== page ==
Obama has announced more bombings in Iraq and is extending them to Syria
United States: One step closer to war
At press time for this edition, US President Barack Obama presented his military strategy for dealing with the militias of the Islamic State (ISIL) in Iraq and Syria. It was a carefully prepared speech to inspire confidence among the people of the US, that, after years of “fighting terrorism,” the country and its interests overseas “are safer” after military operations like those that got rid of Osama Bin Laden, or, recently, the leader of Al Qaeda in Somalia.
At the same time, he tried to respond to the obvious and profound crisis of hegemony that the biggest economic and military power of the planet is bearing. He announced a “broad coalition” of countries (with a fundamental role for his Saudi and Turkish allies) to fight ISIL, for which Secretary of State John Kerry traveled unexpectedly on September 10 to the Middle East and then traveled to Europe, in order to win the support of some 40 countries. Similarly, he stated that this war, unlike those that Bush led, is destined to eradicate a group that “is not Islamic, but simply terrorists.” And he also stated that this war is part of the American leadership that is confronting the “Russian aggression in Ukraine” or the use of chemical weapons against opponents by Al Assad’s Syrian government, reporting in passing the severity of the geopolitical crisis with Putin’s Russia, that is at its worst moment since the end of the Cold War.
Specifically, the expansion of military operations (more than 150 aerial attacks have already been made in Iraq) will consist of the increase of bombings in Iraq and their extension to Syria. This last is probably the most important of his announcements, since they would be made without Assad’s authorization, and it could make the situation even worse. Obama announced that there will not be US troops fighting ISIL, although they will send 470 soldiers for logistic support and training of the Iraqi army and the Kurds. Together with this, the funding and arms aid to the new Iraqi government and to the Kurds will be increased, and also, another important announcement, to the armed groups in Syria, “moderate” opponents of President Al Assad, that are fighting against ISIL.
The brutality of this Islamic force, that emerged from the entrails of Al Qaeda, gave the United States a new “casus belli” [“justification for war”]: for the first time in a decade, after the disastrous wars in Iraq and Afghanistan and the defeat of Bush’s militaristic strategy, the majority of Americans seem to be in agreement with having their armed forces bomb Iraq (71%), and even with extending their operations to Syria (65%). The result is not surprising. This Washington Post and ABC News survey, widely disseminated to go on generating the warlike climate, was made after the abhorrent execution of two US journalists, beheaded by ISIL.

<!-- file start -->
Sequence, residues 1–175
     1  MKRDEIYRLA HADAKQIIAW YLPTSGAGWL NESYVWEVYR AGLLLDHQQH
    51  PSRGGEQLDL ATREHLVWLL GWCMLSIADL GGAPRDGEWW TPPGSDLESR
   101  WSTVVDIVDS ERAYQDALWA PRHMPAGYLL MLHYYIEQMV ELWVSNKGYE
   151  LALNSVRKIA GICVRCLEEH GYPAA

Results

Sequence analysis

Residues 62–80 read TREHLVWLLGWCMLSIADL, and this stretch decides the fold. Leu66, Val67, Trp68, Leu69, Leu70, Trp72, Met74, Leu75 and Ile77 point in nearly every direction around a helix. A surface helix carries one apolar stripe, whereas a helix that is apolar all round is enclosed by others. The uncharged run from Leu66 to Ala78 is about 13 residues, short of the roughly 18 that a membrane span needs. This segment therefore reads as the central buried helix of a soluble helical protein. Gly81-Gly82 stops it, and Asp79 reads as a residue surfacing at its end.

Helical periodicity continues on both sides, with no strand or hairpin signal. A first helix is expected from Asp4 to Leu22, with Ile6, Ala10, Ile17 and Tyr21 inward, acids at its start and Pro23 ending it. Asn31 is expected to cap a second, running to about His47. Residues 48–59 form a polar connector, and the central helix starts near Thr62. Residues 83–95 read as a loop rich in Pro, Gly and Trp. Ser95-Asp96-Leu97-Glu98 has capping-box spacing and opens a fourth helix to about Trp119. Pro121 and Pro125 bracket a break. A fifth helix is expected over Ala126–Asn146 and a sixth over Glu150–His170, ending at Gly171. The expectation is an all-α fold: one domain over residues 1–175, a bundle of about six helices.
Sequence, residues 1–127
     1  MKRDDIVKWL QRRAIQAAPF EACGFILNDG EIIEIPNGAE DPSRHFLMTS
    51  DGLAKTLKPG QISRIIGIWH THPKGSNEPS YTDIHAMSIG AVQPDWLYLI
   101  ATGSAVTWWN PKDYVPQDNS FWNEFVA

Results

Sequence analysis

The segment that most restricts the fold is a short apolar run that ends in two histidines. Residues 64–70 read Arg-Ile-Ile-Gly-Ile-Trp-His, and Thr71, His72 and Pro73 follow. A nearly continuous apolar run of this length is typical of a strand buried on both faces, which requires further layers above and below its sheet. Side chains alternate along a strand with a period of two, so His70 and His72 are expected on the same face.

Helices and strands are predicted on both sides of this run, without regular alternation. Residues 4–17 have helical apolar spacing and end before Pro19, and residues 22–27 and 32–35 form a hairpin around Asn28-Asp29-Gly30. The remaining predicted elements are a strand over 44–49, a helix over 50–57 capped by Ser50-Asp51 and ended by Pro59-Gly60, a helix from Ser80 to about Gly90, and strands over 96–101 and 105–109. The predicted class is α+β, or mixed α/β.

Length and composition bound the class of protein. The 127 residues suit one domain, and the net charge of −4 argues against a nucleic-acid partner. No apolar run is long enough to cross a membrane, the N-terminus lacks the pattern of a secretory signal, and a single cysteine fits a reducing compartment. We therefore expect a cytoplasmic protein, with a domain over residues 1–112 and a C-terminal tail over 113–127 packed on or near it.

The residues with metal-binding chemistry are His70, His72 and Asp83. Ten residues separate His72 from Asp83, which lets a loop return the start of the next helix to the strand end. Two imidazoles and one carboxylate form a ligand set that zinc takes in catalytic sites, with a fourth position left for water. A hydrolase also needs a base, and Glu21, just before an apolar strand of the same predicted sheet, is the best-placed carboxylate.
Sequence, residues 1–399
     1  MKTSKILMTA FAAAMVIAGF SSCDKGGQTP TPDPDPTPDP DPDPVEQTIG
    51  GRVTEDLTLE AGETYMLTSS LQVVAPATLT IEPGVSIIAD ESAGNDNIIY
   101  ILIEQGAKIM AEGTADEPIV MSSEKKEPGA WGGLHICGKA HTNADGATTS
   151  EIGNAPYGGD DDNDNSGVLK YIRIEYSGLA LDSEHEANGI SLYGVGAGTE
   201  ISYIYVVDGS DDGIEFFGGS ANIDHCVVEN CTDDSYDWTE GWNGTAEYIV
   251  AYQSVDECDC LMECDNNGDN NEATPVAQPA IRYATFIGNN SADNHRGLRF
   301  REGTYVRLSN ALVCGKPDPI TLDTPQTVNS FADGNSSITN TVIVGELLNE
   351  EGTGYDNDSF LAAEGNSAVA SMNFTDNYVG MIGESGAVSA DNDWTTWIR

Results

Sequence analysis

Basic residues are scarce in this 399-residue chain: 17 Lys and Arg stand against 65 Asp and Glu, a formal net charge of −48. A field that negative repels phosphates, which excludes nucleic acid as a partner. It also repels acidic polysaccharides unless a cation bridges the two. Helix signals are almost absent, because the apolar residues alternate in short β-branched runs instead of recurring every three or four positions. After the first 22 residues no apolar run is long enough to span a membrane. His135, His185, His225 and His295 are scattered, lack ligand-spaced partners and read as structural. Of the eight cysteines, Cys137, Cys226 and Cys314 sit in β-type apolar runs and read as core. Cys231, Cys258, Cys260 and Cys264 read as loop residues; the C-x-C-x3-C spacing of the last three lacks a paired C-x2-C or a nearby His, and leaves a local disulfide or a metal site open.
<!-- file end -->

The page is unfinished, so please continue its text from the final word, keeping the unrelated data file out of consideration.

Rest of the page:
However, this new enemy, like the Taliban and Al Qaeda before, is not an expression of dark, inexplicable forces, but, to a large extent, a result of the United States’ own imperial policy.
Only a year ago, Obama backed down from intervening militarily in Syria, faced with the enormous unpopularity of a new war, and the certain defeat it was going to suffer in Congress, that he had already foreseen would not authorize the operation.
Now ISIL seems to have given him the excuse. The Democratic administration has worked in the most recent days to give a veneer of legitimacy to its new imperial adventure in the Middle East.
The intervention would respond to the request for help from the new Iraqi government formed on September 8. This “all inclusive” government is an attempt to re-create “national unity” among Kurds, Shiites and Sunnis, a requirement for the United States to become involved in direct combat against ISIL. There would also be plans to rebuild Iraqi security forces made up of Sunni and Shiite militias. In this way, the United States is trying to reestablish the balance of power between the main Iraqi forces â€“ broken under al Maliki’s government â€“ and to counteract the activation of rival regional powers â€“ like Iran and Saudi Arabia â€“ that sponsor and encourage the tendencies to civil war.
A new war with an uncertain ending
A majority of the United States’ population shares the notion that ISIL is a “serious threat to the vital interests of the United States.”
Helped by the absolutely reactionary character of ISIL, the US government appears to have had a relative success in selling public opinion this new military incursion, imagined to be without shedding blood and of short duration, limited to aerial attacks.
Obama spoke to the country to tell it that it is embarking on a war, that when it begins is known, but not when it will end, at a critical time for the President. Only 43% of those polled consider him a strong leader, and more than half believe that his Presidency is a failure. On this perception, the Republican Party is pushing for adopting a more aggressive military policy. But this circumstantial support, obtained when the pictures of the executioner from ISIL decapitating a defenseless US citizen are still fresh, can vanish as quickly as it emerged, like the effect of the September 11 attacks, on which Bush tried to base the “new American century,” an imperial dream that ended in a nightmare in Iraq and Afghanistan, disappeared.